Given the level of anticipation over the Internal Revenue Services ruling on hospital information technology subsidies to physicians, youd think the celebratory fireworks would still be going off weeks after the May 11 legal memorandum.
Instead, the silence has been deafening. Whatever reaction there has been has been cautiously guarded at best and at worst downright critical. So whats really going on?
The memorandumsought by hospitals, physicians and IT advocates of all stripesaddresses the issue of whether not-for-profit hospitals can provide financial assistance to doctors to acquire and implement IT systems in their clinics and offices without jeopardizing the hospitals tax-exempt status under the Internal Revenue Code. The code bars a tax-exempt organizations charitable assets from inuring to or benefiting a private individual.
That legal uncertainty was viewed by many as one of the last big hurdles in linking hospitals and hospital systems electronically to their affiliated physicians, group practices and clinics to improve patient care through better coordination of data.
In its May 11 ruling, the IRS said definitively that not-for-profit hospitals can provide IT subsidies to physicians without risking their tax exemptions as long as the IT systems and services fall within those permitted by HHS under its IT rules and regulations.
On the surface, this would seem like great news. The IRS says capital-rich hospitals and hospital systems can give or loan money to capital-poor physicians and group practices to buy IT as long as what they buy and how they use it doesnt violate any other federal laws. But as reporter Joseph Conn points out in this issues Beyond the Headlines, hospitals and physicians may have preferred the legal uncertainty as it provided a convenient excuse not to do something they really didnt want to do.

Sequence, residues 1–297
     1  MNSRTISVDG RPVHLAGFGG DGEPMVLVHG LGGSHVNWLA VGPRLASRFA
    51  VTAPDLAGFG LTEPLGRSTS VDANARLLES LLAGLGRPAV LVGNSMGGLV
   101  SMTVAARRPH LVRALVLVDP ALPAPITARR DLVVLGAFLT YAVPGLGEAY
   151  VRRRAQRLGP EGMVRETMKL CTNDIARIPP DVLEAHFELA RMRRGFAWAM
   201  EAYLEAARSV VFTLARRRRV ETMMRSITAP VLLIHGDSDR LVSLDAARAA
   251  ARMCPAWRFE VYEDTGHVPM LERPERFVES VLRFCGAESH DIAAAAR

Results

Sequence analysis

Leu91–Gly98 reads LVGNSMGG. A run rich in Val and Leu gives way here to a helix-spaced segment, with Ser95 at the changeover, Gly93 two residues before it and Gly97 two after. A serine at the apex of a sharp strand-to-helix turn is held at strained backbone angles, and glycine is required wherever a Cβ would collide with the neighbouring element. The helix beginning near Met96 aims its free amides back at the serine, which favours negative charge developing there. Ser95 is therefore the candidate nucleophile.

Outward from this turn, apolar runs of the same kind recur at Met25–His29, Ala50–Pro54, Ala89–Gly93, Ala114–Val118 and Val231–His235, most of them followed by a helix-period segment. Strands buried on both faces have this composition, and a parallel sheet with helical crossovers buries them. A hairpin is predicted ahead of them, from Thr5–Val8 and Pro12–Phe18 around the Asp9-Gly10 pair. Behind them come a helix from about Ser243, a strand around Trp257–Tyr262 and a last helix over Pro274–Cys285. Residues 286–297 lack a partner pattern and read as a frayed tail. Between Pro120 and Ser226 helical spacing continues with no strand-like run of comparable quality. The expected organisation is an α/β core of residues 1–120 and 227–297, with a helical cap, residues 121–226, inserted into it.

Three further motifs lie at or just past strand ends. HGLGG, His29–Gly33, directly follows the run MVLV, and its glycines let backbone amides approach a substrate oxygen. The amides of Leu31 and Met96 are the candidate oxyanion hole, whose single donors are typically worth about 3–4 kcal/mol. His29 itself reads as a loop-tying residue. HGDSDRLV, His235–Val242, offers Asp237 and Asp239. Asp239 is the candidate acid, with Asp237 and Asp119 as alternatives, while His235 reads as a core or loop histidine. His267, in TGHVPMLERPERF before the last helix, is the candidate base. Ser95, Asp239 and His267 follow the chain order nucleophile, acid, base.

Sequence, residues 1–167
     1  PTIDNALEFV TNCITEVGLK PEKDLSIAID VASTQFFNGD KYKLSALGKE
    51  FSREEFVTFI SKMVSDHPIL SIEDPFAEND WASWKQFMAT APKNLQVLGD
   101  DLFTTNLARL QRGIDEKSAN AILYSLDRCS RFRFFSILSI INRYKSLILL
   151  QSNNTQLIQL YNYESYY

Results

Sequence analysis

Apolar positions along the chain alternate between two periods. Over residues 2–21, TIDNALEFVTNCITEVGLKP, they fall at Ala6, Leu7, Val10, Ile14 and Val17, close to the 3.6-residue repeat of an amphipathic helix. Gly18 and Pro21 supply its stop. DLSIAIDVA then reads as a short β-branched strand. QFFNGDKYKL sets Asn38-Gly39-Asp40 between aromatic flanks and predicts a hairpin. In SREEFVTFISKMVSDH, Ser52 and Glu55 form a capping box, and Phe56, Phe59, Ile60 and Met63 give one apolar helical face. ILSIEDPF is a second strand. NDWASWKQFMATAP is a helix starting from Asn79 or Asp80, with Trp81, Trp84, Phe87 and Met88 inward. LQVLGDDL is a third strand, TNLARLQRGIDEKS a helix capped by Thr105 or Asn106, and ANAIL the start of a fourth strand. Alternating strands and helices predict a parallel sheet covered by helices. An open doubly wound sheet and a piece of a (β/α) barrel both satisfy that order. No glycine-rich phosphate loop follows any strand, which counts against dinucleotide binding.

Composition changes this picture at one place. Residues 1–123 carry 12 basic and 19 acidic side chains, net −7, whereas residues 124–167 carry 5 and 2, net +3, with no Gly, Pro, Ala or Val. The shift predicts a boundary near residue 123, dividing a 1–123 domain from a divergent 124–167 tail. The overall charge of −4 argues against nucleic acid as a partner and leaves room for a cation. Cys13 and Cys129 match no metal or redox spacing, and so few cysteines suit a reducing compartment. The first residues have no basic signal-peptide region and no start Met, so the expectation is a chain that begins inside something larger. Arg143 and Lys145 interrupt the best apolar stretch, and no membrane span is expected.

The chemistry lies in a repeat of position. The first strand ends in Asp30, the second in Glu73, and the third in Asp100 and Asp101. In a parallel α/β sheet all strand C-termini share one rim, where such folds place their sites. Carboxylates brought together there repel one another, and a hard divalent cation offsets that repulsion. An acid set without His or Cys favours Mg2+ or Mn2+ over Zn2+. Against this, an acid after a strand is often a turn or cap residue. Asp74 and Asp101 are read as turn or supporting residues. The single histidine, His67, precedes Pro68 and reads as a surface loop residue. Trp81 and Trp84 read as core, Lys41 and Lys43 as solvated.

Blaming the IRS was a lot easier than owning up to the truth.
And the truth is physicians dont trust hospitals. Physicians who allow themselves to be subsidized are afraid they will be forever on the hook to their hospital benefactors, or loan officers, giving the hospitals economic leverage over their practices. Other physicians fear that linking their offices up to hospitals would give those hospitals access to the physicians patient data, including financial and clinical information. Still others just dont like IT, as reporter Andis Robeznieks reveals in this issues Feature, and not having the money gave them a reason to hide their IT phobia.
As for hospitals, how many really want to or can afford to serve as the deep pocket for physicians IT wants and desires? Do they give subsidies to all affiliated physicians? Some? Only those that are loyal admitters? Its a position not many hospital executives wanted to be in despite the public stance that they would if they could if only it wasnt for that damn IRS.
And once hospitals start giving physicians money for IT; why not give them money for medical technology? What if those same physicians take the money, invest in IT and medical technology, then compete with the same hospitals by opening up their own hospital, ambulatory surgery center and diagnostic imaging center? It could get messy.
For both hospitals and physicians, life was a lot easier before the IRS memorandum. Now, both sides have to put their money where their mouths have been to serve what they both claimed was in the best interest of patient care. This is going to get really interesting.
David Burda is the editor of Modern Physician, based in Chicago. Contact Burda at [email protected].